29. 29. Reuvekamp A, Velsing-Aarts FV, Poulina IEJ, Capello JJ, Duits AJ. Selective deficit of angiogenic growth factors characterises pregnancies complicated by pre-eclampsia. British Journal of Obstetrics and Gynaecology. 1999;106(10):1019–22. pmid:10519425
  30. 30. Livingston JC, Chin R, Haddad B, McKinney ET, Ahokas R, Sibai BM. Reductions of vascular endothelial growth factor and placental growth factor concentrations in severe preeclampsia. American Journal of Obstetrics and Gynecology. 2000;183(6):1554–7. pmid:11120527
  31. 31. Taylor RN, Grimwood J, Taylor RS, McMaster MT, Fisher SJ, North RA. Longitudinal serum concentrations of placental growth factor: Evidence for abnormal placental angiogenesis in pathologic pregnancies. American Journal of Obstetrics and Gynecology. 2003;188(1):177–82. pmid:12548214
  32. 32. Maynard SE, Min JY, Merchan J, Lim KH, Li JY, Mondal S, et al. Excess placental soluble fms-like tyrosine kinase 1 (sFlt1) may contribute to endothelial dysfimction, hypertension, and proteinuria in preeclampsia. Journal of Clinical Investigation. 2003;111(5):649–58. pmid:12618519
  33. 33. Madazli R, Aydin S, Uludag S, Vildan O, Tolun N. Maternal plasma levels of cytokines in normal and preeclamptic pregnancies and their relationship with diastolic blood pressure and fibronectin levels. Acta Obstetricia Et Gynecologica Scandinavica. 2003;82(9):797–802. pmid:12911439
  34. 34. Tsatsaris V, Goffin F, Munaut C, Brichant JFO, Pignon MR, Noel A, et al. Overexpression of the soluble vascular endothelial growth factor receptor in preeclamptic patients: Pathophysiological consequences. Journal of Clinical Endocrinology & Metabolism. 2003;88(11):5555–63.
  35. 35. Levine RJ, Maynard SE, Qian C, Lim KH, England LJ, Yu KF, et al. Circulating angiogenic factors and the risk of preeclampsia. New England Journal of Medicine. 2004;350(7):672–83. pmid:14764923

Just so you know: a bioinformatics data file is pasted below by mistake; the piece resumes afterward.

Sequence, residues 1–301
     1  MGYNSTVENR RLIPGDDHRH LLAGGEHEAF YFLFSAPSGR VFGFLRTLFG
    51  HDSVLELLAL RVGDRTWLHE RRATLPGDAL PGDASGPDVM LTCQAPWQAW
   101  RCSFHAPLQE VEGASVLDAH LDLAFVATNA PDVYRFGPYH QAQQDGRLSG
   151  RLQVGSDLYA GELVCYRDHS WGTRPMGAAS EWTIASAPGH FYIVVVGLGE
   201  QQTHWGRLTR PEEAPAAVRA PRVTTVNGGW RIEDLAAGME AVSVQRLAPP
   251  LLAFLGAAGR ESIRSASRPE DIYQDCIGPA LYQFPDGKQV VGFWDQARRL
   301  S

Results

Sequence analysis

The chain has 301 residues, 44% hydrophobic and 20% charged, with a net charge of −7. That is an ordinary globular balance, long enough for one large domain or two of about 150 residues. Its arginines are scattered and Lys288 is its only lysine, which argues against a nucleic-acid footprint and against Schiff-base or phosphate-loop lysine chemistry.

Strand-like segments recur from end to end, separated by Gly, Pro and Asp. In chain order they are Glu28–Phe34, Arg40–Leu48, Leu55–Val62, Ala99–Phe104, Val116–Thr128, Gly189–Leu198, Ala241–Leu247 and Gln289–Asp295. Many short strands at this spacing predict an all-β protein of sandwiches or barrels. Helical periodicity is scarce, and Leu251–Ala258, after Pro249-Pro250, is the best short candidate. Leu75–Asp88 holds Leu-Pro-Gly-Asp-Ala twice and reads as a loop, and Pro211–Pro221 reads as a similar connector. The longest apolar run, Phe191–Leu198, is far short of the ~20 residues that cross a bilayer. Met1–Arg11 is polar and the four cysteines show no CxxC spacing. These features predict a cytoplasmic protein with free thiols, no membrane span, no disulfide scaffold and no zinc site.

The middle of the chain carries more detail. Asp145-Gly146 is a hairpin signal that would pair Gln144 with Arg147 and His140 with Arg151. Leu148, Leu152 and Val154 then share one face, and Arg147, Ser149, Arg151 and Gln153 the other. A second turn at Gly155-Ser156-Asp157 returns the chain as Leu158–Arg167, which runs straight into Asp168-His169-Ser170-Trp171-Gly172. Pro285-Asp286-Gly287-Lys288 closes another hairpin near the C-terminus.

36. 36. Muy-Rivera M, Vadachkoria S, Woelk GB, Qiu C, Mahomed K, Williams MA. Maternal plasma VEGF, sVEGF-R1, and PlGF concentrations in preeclamptic and normotensive pregnant Zimbabwean women. Physiological Research. 2005;54(6):611–22. pmid:15717861
  37. 37. Staff AC, Braekke K, Harsem NK, Lyberg T, Holthe MR. Circulating concentrations of sFlt1 (soluble fins-like tyrosine kinase 1) in fetal and maternal serum during pre-eclampsia. European Journal of Obstetrics Gynecology and Reproductive Biology. 2005;122(1):33–9.
  38. 38. Krauss T, Pauer HU, Augustin HG. Prospective analysis of placenta growth factor (PIGF) concentrations in the plasma of women with normal pregnancy and pregnancies complicated by preeclampsia. Hypertension in Pregnancy. 2004;23(1):101–11. pmid:15117604
  39. 39. D'Audigier C, Gautier B, Yon A, Alili JM, Evrard S, Inguimbert N, et al. Targeting VEGFR1 on endothelial progenitors modulates their differentiation potential. Journal of Thrombosis and Haemostasis. 2013;11:332-.
  40. 40. DePrimo SE, Bello CL, Smeraglia J, Baum CM, Spinella D, Rini BI, et al. Circulating protein biomarkers of pharmacodynamic activity of sunitinib in patients with metastatic renal cell carcinoma: modulation of VEGF and VEGF-related proteins. Journal of Translational Medicine. 2007;5.
  41. 41. Okamoto T, Saito C, Yamada S. Levels of placenta growth factor in gestational trophoblastic diseases. Placenta. 2004;25(10):A5–A.
  42. 42. Bates DO. An unexpected tail of VEGF and PlGF in pre-eclampsia. Biochemical Society Transactions. 2011;39:1576–82. pmid:22103490
  43. 43. Hiratsuka S, Minowa O, Kuno J, Noda T, Shibuya M. Flt-1 lacking the tyrosine kinase domain is sufficient for normal development and angiogenesis in mice. Proceedings of the National Academy of Sciences of the United States of America. 1998;95(16):9349–54. pmid:9689083
  44. 44. Autiero M, Waltenberger J, Communi D, Kranz A, Moons L, Lambrechts D, et al. Role of PIGF in the intra- and intermolecular cross talk between the VEGF receptors Flt1 and Flk1. Nature Medicine. 2003;9(7):936–43. pmid:12796773
  45. 45. Mac Gabhann F, Popel AS. Model of competitive binding of vascular endothelial growth factor and placental growth factor to VEGF receptors on endothelial cells. American Journal of Physiology-Heart and Circulatory Physiology. 2004;286(1).
  46. 46. Mac Gabhann F, Popel AS. Differential binding of VEGF isoforms to VEGF receptor 2 in the presence of neuropilin-1: a computational model. American Journal of Physiology-Heart and Circulatory Physiology. 2005;288(6):H2851–H60. pmid:15708957
  47. 47. Cebe-Suarez S, Zehnder-Fjallman A, Ballmer-Hofer K. The role of VEGF receptors in angiogenesis; complex partnerships. Cellular and Molecular Life Sciences. 2006;63(5):601–15. pmid:16465447
  48. 48. Park M, Lee ST. The fourth immunoglobulin-like loop in the extracellular domain of FLT-1, a VEGF receptor, includes a major heparin-binding site. Biochemical and Biophysical Research Communications. 1999;264(3):730–4. pmid:10544000